If you’ve always wanted to draw but think you don’t have the talent, skill, or time, these people will change everything.
Meet the teachers in Seeing, Sketchbook Skool’s next community kourse, which starts Monday, March 6. Here’s a look at who they are, what they’ll be teaching, and their favorite tips.
Danny Gregory is Sketchbook Skool’s co-founder. “Drawing helps slow down time and brings us into the moment,” he says. “There is no one, correct way to see or to draw.” In Seeing, Danny teaches you how to notice the small details that make up a great drawing. Danny’s art tip: See lettering as shapes and lines, not words.
Koosje Koene is Sketchbook Skool’s co-founder. In Seeing, she teaches you how to draw yourself through a series of self-portraits, and also how to see yourself as an artist: “What you create is art, and don’t let anyone tell you otherwise!” Koosje’s art tip: Don’t think about your facial features as such. Draw the shadows instead.
Brenda Swenson is an artist and author who has been on the board of the National Watercolor Society. In Seeing, Brenda teaches continual line drawing and watercoloring, and also reassures new artists that they can really do this. “A sketchbook can be a safe place where your soul can be exposed without worry of judgement or criticism.” Brenda’s art tip: If you only sketch when you have free time, it probably won’t happen. Try sketching first thing in the morning, or during lunch.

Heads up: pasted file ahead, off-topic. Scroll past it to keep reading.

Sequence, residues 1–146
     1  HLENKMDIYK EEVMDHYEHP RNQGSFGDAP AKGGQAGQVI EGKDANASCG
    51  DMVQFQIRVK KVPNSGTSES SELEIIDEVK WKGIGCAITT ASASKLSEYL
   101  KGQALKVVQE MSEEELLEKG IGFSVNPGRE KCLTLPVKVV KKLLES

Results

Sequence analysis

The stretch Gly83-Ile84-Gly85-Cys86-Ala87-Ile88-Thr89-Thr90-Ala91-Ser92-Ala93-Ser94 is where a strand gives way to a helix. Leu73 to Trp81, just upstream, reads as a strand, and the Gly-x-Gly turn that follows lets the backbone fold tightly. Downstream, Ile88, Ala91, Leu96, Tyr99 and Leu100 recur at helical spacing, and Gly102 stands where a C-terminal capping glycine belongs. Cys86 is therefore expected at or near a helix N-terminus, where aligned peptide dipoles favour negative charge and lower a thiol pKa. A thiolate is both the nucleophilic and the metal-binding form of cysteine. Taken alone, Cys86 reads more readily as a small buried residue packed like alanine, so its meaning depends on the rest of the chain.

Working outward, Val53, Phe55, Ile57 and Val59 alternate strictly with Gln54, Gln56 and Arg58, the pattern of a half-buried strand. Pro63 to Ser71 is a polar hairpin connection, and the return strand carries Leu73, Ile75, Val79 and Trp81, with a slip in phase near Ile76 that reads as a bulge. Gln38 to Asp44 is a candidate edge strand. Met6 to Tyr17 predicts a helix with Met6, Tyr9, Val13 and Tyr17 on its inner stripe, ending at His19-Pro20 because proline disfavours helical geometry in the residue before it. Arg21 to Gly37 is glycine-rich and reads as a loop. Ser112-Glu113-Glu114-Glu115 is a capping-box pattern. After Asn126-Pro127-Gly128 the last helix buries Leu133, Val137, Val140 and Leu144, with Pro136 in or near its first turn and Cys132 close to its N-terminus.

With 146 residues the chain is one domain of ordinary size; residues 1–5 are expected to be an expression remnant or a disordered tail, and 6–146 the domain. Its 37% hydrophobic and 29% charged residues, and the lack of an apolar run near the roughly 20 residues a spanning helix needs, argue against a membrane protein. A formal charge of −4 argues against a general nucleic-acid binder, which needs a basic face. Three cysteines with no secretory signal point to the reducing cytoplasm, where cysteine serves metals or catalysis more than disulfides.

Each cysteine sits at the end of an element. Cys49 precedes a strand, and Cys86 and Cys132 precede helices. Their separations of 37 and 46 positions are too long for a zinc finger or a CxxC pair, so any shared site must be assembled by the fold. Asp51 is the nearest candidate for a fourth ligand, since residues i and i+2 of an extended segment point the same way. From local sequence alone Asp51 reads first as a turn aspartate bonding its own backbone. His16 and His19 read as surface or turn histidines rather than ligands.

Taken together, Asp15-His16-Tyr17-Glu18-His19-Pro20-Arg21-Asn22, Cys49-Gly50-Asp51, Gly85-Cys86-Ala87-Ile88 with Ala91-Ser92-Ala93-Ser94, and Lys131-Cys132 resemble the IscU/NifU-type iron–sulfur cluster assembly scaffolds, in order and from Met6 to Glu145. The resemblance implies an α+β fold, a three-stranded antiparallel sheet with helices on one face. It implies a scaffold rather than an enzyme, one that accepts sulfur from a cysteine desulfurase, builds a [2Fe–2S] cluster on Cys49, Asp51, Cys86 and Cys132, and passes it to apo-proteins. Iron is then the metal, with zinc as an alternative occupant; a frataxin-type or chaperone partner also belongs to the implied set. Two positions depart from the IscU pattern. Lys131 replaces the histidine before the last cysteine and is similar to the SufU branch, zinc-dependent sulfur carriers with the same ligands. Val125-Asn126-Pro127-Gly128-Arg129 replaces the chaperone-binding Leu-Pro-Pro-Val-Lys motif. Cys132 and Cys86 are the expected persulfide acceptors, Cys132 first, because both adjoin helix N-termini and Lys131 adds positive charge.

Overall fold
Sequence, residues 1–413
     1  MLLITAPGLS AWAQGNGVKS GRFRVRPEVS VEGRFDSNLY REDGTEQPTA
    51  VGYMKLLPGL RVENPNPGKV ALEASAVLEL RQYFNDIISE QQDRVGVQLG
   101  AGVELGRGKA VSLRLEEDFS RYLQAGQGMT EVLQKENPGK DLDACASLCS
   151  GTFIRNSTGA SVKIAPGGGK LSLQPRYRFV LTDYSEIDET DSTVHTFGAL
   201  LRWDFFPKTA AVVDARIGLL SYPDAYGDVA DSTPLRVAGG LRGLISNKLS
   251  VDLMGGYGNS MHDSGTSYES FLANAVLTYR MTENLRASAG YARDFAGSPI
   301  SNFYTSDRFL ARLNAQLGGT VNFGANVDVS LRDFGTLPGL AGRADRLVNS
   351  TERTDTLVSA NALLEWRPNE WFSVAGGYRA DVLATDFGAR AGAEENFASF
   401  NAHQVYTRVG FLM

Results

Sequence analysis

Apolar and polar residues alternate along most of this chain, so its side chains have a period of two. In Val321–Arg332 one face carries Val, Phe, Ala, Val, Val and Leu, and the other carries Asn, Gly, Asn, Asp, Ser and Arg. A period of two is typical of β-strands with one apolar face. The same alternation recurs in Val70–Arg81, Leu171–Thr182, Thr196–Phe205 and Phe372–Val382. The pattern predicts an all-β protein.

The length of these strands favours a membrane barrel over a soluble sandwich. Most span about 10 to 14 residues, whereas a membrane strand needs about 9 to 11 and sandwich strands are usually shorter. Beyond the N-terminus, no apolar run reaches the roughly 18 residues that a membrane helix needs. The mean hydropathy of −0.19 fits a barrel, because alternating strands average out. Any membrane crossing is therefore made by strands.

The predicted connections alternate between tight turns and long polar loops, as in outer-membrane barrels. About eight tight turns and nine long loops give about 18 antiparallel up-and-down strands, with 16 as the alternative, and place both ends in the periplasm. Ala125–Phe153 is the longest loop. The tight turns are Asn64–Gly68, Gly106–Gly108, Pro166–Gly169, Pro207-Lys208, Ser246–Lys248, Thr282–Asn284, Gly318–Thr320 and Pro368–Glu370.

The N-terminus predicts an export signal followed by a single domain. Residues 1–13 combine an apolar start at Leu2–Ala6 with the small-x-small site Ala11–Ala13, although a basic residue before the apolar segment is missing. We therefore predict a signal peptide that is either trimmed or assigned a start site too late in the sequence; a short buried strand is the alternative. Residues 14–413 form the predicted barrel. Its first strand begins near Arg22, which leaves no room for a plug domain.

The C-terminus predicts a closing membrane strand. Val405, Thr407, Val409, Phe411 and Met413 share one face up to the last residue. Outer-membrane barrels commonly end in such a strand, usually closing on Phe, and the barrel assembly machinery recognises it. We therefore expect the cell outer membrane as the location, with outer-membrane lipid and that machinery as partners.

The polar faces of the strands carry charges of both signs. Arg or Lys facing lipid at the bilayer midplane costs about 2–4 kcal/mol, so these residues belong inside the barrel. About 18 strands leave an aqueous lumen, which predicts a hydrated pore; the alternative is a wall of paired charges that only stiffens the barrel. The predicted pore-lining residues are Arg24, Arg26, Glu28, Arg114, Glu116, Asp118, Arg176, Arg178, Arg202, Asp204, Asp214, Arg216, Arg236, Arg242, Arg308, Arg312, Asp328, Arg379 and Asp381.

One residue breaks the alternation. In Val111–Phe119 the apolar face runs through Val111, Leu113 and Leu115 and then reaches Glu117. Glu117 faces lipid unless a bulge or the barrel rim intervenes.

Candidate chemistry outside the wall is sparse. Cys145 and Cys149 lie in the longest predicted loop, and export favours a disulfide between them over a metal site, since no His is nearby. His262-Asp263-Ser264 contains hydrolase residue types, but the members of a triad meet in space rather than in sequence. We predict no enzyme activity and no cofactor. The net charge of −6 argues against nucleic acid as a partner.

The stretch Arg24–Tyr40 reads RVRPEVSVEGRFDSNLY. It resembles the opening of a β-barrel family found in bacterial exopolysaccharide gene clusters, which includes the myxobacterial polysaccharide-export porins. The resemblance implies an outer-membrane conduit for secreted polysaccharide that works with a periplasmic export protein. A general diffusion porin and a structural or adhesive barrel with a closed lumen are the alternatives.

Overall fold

Cathy Johnson’s latest book is Artist’s Sketchbook: Techniques for Sketching on the Spot. “When you look back at your journals, you begin to see how rich your life really is,” she says. A naturalist as well as an artist, Cathy teaches you how to draw nature in Seeing. Cathy’s art tip: You can get by with a tiny homemade watercolor kit (like our Watercolor Watch). Use rubber cement to stick the individual pans to a tin; it allows you to change out colors easily.
Andrea Joseph teaches Sketchbook Skool’s Creative Lettering workshop. She advises diving right in: “Stop trying to find the right pen, the right paper, the right whatever. Just pick up a pen and go!” One look at her remarkable artwork in Seeing, created with regular ballpoint pens, will convince you. Andrea’s art tip: Keep a small sketchbook and a thick pen or graphite pencil in the glove compartment of your car so you can do quick sketches, like 30 second ones, when you’re parked.
Liz Steel is an urban sketcher and architect whose latest book is Five Minute Sketching: Architecture. “Sketching has truly changed my life,” she says. “It helps me appreciate the small things and has enriched my travel experience beyond words.” Liz teaches how to sketch and watercolor objects and city scenes in Seeing. Liz’s art tip: Start urban sketches at the top of the page; that way the tops of buildings won’t get cut off if you run out of space.